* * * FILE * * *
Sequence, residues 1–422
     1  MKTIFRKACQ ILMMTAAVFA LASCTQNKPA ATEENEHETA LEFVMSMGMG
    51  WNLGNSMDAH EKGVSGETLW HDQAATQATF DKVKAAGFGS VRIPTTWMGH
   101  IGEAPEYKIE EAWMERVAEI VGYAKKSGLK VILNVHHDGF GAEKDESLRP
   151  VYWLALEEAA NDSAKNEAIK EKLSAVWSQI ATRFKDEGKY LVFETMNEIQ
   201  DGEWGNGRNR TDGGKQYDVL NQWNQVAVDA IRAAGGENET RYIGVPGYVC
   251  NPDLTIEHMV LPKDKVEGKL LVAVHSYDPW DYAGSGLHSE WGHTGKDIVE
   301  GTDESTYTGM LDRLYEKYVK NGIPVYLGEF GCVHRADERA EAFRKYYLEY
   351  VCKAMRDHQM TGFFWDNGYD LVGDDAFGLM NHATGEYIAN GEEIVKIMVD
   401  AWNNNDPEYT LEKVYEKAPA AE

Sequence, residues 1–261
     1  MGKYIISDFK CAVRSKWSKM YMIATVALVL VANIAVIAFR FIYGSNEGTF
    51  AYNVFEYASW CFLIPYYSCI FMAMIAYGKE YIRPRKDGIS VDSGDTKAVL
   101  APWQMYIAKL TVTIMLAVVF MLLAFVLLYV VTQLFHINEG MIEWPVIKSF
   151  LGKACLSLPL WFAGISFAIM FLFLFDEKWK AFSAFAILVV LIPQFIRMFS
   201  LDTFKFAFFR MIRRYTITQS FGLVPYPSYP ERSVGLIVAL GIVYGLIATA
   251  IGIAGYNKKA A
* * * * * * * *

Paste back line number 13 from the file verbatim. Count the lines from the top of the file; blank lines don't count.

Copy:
    51  AYNVFEYASW CFLIPYYSCI FMAMIAYGKE YIRPRKDGIS VDSGDTKAVL